Contents

Contents

Idea

A conjectural characterization of symmetric powers in symmetric monoidal $\mathbb{Q}^{+}$-linear categories is given on this page. The description in terms of universal properties would be equivalent to a much longer one but much more constructive in algebraic terms. It would be similar to the characterization of products known as Fox theorem but where products are replaced by symmetric powers. We work in symmetric monoidal categories enriched over modules over a $\mathbb{Q}^{+}$-algebra. The adaptation to CMon-enriched symmetric monoidal categories would involve symmetric and divided powers which are equal in this simpler setting. This conjecture seems to be true and if it is really the case, the proof is not trivial.

Conjecture

We suppose that the symmetric monoidal categories are strict monoidal categories.

Definition

We say that a symmetric monoidal category $\mathcal{C}$ possesses the $n$-th symmetric power ($n \ge 0$) iff it possesses this coequalizer for every $A \in \mathcal{C}$: and $r_{n}(A):A^{\otimes n} \rightarrow S_{n}(A)$ is a natural transformation.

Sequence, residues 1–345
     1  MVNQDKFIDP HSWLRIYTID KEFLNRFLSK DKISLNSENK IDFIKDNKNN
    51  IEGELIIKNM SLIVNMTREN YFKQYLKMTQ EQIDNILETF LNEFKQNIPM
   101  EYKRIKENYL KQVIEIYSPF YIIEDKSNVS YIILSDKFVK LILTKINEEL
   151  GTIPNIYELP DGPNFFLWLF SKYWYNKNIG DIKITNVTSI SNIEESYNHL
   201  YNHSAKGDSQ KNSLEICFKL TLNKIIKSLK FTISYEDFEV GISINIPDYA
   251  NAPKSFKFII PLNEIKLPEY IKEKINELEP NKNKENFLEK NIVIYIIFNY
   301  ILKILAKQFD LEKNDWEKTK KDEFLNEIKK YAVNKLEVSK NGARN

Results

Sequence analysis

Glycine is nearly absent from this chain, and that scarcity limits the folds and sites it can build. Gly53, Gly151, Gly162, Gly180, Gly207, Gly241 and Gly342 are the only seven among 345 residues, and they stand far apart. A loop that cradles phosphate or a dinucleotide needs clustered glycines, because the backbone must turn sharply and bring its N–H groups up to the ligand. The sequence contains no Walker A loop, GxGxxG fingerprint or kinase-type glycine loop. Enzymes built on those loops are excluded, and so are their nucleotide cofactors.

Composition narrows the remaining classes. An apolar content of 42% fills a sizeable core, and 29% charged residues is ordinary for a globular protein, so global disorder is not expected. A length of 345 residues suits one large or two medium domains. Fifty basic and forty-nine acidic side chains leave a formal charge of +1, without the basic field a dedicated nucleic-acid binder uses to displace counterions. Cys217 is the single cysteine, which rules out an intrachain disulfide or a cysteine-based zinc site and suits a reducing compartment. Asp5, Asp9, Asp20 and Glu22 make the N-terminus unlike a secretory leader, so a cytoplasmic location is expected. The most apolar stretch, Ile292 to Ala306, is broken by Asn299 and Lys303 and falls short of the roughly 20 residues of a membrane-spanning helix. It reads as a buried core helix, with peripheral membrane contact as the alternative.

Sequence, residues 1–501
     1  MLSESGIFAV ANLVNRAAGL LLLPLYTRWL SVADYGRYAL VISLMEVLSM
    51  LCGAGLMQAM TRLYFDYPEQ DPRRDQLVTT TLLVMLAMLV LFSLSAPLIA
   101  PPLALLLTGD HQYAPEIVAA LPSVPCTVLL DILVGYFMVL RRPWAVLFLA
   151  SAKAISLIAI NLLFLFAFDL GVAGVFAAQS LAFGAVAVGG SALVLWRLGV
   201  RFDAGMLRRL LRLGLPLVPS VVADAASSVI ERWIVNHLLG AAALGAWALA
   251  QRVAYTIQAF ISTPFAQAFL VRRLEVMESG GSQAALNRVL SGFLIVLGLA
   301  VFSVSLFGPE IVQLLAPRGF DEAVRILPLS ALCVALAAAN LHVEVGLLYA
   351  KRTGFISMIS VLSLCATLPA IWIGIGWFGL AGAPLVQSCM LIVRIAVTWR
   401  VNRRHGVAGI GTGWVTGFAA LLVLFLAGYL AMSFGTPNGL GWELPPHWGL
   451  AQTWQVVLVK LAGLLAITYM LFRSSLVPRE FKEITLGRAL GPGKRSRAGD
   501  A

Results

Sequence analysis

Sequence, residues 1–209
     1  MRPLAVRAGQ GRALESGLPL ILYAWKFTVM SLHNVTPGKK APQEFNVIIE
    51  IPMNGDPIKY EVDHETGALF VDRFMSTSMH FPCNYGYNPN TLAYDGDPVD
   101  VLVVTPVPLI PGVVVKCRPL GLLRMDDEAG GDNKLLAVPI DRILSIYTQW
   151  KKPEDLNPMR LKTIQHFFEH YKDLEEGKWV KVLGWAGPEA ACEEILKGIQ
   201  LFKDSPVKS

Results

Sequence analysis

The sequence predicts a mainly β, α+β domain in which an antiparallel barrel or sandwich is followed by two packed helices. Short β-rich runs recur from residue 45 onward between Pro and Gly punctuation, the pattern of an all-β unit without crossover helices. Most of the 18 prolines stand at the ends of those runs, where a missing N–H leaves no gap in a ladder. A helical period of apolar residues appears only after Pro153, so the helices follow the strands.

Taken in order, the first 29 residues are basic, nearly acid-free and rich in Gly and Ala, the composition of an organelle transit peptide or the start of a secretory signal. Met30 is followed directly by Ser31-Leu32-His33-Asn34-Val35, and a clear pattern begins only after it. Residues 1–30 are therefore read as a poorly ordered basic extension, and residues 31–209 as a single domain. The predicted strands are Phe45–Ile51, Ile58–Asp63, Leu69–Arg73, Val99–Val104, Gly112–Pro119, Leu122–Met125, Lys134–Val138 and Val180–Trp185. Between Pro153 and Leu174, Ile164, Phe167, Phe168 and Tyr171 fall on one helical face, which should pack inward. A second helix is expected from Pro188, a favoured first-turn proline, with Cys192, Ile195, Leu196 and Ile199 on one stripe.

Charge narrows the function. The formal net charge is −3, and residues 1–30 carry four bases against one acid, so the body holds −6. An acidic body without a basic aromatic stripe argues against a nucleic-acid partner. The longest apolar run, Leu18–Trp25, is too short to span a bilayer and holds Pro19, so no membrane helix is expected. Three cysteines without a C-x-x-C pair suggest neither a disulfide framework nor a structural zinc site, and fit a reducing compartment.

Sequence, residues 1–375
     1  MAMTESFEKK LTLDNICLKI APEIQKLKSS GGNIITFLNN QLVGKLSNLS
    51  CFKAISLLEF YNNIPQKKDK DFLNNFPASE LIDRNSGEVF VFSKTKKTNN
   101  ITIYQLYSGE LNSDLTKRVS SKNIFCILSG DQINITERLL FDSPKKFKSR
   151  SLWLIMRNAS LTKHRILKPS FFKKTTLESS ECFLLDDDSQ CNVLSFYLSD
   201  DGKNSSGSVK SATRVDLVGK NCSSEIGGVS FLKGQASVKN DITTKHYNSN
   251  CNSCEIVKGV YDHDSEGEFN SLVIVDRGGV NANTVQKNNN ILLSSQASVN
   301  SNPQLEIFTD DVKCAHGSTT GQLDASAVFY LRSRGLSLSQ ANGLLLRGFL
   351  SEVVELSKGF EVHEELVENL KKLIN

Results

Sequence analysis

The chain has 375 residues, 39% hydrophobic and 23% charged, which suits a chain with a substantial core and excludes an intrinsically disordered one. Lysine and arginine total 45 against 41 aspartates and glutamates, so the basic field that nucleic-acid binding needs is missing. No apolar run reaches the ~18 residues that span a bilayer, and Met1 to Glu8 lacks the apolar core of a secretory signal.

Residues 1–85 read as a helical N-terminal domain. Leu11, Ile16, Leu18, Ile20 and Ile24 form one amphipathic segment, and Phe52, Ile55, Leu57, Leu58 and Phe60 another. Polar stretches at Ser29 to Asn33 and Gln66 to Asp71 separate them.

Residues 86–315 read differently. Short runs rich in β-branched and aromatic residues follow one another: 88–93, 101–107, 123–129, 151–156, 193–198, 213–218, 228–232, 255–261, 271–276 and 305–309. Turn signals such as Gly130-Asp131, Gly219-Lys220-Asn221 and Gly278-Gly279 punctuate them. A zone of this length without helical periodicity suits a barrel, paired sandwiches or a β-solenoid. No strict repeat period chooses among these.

Definition

A functorial special bicommutative graded bimonoid in a $CMon$-enriched symmetric monoidal category is given by:

• a family $(S_{n}:\mathcal{C}\rightarrow \mathcal{C})_{n \ge 0}$ of endofunctors
• a family $(\nabla_{n,p}:S_{n}(A) \otimes S_{p}(A) \rightarrow S_{n+p}(A))_{n,p \ge 0}$ of natural transformations
• a family $(\Delta_{n,p}:S_{n+p}(A) \rightarrow S_{n}(A) \otimes S_{p}(A))_{n,p \ge 0}$ of natural transformations

such that:

• $S_{0}(A)=I$

• $S_{1}(A)=A$

• for every $A \in \mathcal{C}$, $(A,(\nabla_{n,p})_{n,p \ge 0}, (\Delta_{n,p})_{n,p \ge 0})$) is a special bicommutative graded bimonoid ie.:

• $\gamma;\nabla_{p,n} = \nabla_{n,p}$ (commutativity)

• $\Delta_{p,n};\gamma = \Delta_{n,p}$ (cocommutativity)

• $\nabla_{n,0}=1$ (unitality)

• $\Delta_{n,0}=1$ (counitality)

• $(\nabla_{n,p} \otimes 1);\nabla_{n+p,q} = (1 \otimes \nabla_{p,q});\nabla_{n,p+q}$ (associativity)

• $\Delta_{n+p,q};(\delta_{n,p} \otimes 1) = \Delta_{n+p,q};(1 \otimes \Delta_{p,q})$ (coassociativity)

• if $n+p = q+r$, then $\nabla_{n,p};\Delta_{q,r} = \underset{\substack{a,b,c,d \ge 0 \\ a+b=n \\ c+d=p \\ a+c=q \\ b+d=r}}{\sum} (\Delta_{a,b} \otimes \Delta_{c,d});(1 \otimes \gamma \otimes 1);(\nabla_{a,c} \otimes \nabla_{b,d})$ (compatibility multiplication/comultiplication)

• $\Delta_{n,p};\nabla_{n,p} = \binom{n+p}{n}$ (specialty)

Conjecture